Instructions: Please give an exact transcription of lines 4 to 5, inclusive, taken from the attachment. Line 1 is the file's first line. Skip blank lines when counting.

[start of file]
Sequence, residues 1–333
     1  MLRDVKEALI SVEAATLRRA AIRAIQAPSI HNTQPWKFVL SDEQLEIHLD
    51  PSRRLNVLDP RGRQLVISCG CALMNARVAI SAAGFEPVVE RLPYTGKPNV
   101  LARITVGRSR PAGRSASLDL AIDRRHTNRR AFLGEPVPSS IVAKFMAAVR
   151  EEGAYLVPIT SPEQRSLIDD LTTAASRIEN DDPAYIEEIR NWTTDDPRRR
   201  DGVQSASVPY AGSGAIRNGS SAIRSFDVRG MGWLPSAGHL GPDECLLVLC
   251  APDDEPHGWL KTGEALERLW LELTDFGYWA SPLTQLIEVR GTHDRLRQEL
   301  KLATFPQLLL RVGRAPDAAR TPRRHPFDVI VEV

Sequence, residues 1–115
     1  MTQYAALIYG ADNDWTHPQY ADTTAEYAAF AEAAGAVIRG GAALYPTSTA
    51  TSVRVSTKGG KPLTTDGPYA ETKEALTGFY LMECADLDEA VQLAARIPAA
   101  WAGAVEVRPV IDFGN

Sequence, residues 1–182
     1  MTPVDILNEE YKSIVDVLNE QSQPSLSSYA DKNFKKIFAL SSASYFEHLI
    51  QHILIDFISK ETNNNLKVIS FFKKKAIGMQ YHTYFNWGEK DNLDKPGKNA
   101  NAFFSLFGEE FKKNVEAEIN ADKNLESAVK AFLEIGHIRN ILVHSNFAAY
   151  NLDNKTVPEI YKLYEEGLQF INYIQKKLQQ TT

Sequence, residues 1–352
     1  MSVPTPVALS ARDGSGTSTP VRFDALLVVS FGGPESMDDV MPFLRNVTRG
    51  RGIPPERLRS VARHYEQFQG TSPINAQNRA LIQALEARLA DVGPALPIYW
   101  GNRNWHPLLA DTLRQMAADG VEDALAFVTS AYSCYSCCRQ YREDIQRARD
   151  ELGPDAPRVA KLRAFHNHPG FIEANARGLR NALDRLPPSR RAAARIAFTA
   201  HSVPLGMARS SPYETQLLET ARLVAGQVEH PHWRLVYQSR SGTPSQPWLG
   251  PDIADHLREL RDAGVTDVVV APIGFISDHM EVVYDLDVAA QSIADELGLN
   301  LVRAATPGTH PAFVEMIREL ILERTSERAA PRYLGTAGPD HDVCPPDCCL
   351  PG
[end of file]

   101  LARITVGRSR PAGRSASLDL AIDRRHTNRR AFLGEPVPSS IVAKFMAAVR
   151  EEGAYLVPIT SPEQRSLIDD LTTAASRIEN DDPAYIEEIR NWTTDDPRRR